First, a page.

The Life you save may be your Own

Essay by izzyowensUniversity, Bachelor'sB+, October 2014

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The inability to overcome physical or emotional temptation flaws all humans to some extent, but what make an individual morally reprehensible? In O'Connor's story "The Life You Save May Be Your Own" she paints a complex and elegant answer to the question. Every character in the story has a physical impairment lending to the idea of outward deformities being metaphors for emotional inadequacy. Mr. Tom T. Shiflet lacks the most physically therefore craves the semblance of completeness, but during the process sacrificed moral fortitude. Chekov said, "In the sphere of psychology, details are also things" (2204). The general description does not give the full picture of Mr. Shiflet, but rather the small details guide the reader to conclude that he is morally weak. Moral weakness does not happen suddenly. Small details soon become an insatiable need to feel consummated.

Mr. Shiftlet's struggle with knowing he is a morally tarnished man but trying to make up for it with deeds and good works.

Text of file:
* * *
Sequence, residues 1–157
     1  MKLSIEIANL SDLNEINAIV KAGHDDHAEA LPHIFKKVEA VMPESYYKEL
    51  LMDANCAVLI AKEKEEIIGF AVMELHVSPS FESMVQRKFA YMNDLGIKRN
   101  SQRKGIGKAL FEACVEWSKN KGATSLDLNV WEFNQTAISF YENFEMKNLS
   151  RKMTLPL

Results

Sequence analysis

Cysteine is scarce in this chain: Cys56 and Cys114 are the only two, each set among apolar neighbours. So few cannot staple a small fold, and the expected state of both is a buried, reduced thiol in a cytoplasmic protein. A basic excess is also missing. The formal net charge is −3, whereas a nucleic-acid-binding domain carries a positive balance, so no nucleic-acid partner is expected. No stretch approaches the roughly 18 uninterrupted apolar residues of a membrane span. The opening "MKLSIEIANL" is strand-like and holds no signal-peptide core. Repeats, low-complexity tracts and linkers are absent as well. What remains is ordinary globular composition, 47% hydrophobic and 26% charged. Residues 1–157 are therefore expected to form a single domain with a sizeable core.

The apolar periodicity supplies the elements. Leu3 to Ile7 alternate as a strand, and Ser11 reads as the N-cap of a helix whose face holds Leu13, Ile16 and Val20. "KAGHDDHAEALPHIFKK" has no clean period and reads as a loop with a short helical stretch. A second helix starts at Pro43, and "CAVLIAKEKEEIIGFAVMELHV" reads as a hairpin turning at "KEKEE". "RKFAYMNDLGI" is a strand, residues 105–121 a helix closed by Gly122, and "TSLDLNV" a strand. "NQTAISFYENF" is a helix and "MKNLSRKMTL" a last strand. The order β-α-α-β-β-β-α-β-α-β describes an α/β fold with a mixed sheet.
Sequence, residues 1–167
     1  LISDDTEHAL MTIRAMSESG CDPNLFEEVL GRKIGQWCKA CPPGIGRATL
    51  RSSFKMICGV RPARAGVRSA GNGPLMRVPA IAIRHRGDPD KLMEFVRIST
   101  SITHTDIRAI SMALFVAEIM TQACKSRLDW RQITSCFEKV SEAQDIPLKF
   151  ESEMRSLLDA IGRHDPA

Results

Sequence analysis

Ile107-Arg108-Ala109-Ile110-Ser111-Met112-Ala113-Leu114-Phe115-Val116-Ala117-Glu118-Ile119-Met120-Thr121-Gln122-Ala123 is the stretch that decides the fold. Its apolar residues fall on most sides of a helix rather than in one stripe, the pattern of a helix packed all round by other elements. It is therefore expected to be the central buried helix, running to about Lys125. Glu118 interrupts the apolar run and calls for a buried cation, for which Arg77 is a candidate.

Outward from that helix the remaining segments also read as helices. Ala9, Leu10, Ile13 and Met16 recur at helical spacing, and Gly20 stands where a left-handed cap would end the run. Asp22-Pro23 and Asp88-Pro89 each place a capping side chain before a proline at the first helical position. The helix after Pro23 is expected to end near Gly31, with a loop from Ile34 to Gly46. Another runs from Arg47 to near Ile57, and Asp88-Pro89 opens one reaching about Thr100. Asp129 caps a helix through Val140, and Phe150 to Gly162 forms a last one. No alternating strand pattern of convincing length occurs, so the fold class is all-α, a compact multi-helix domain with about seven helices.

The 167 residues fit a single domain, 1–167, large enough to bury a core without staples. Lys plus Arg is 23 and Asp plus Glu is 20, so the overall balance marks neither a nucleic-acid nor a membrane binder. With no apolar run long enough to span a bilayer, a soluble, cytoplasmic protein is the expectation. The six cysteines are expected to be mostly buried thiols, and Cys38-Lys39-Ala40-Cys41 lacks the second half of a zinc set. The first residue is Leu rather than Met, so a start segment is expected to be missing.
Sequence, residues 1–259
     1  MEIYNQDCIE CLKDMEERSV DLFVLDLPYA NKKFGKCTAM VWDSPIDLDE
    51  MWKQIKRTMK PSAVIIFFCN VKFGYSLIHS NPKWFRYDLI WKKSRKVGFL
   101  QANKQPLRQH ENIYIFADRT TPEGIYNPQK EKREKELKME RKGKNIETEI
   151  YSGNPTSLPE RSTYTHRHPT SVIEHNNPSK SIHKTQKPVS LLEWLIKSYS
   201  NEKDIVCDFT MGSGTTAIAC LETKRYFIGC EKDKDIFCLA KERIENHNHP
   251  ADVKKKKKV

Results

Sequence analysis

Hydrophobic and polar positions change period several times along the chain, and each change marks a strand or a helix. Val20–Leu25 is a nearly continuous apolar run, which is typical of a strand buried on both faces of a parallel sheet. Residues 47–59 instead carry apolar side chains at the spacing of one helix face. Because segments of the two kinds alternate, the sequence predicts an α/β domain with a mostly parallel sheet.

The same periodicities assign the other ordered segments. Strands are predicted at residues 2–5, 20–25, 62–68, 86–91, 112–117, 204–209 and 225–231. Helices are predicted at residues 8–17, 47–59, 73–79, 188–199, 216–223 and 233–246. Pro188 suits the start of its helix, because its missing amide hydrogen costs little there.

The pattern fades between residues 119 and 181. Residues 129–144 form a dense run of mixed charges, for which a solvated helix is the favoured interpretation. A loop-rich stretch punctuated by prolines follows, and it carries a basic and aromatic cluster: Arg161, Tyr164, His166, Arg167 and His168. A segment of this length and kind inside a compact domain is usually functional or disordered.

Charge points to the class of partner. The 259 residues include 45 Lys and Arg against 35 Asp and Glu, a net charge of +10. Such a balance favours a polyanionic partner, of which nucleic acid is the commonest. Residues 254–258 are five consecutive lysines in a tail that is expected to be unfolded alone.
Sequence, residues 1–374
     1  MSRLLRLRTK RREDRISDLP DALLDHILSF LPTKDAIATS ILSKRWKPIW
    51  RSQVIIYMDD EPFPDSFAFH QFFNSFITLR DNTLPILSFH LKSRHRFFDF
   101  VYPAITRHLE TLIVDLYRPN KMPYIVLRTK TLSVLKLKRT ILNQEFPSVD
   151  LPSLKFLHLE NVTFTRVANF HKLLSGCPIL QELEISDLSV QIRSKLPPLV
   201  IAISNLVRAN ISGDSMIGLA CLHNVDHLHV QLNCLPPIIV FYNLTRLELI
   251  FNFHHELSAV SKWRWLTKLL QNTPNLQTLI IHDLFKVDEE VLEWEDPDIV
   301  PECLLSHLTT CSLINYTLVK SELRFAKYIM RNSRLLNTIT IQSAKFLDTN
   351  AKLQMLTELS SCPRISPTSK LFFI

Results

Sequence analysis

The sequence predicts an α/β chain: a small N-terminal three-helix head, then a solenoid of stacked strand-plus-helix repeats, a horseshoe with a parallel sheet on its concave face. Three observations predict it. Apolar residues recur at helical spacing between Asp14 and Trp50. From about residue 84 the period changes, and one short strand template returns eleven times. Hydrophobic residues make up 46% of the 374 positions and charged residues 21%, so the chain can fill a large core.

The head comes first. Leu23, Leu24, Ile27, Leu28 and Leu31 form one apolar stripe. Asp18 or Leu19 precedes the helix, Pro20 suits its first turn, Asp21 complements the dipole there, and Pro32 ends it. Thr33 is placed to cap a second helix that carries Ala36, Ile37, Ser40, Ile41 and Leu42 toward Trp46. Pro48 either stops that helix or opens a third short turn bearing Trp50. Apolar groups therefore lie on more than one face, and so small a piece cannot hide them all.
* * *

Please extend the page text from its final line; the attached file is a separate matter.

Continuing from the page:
At first we believe that Mr. Shiftlet is a decent man. Mr. Shiflet' "rooting in his pants pocket, and in a second brought out a package of chewing gum and offered her a piece [Lucynell]" (224). Although small Mr. Shiftlet shows kindness to Lucynell without seeming to want anything in return. He also stays and helps rejuvenate the farm, even though Mrs. Crater directly said, "'I'll be able to feed you and give you a place to sleep but I can't pay"' (225). Mr. Shiftlet still looks like a morally upright man. He even goes to say, "'I got moral intelligence"' (226). Implying he knows the difference between right and wrong, and act on values the he believes are right. The trouble with moral intelligence is that it is up for interpretation. Mr. Shiftlet soon...